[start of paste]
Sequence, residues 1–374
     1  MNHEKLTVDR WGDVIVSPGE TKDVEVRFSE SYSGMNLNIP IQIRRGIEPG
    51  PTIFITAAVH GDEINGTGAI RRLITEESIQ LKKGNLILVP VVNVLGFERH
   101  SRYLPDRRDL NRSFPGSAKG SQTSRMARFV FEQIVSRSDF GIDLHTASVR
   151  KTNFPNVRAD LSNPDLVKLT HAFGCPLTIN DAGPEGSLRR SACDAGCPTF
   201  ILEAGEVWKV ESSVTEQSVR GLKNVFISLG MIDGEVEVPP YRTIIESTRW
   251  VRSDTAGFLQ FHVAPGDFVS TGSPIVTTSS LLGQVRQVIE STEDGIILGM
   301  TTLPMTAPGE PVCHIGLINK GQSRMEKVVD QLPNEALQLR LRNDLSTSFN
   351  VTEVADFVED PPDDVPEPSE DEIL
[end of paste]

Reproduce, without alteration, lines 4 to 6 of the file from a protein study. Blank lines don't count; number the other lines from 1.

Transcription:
   101  SRYLPDRRDL NRSFPGSAKG SQTSRMARFV FEQIVSRSDF GIDLHTASVR
   151  KTNFPNVRAD LSNPDLVKLT HAFGCPLTIN DAGPEGSLRR SACDAGCPTF
   201  ILEAGEVWKV ESSVTEQSVR GLKNVFISLG MIDGEVEVPP YRTIIESTRW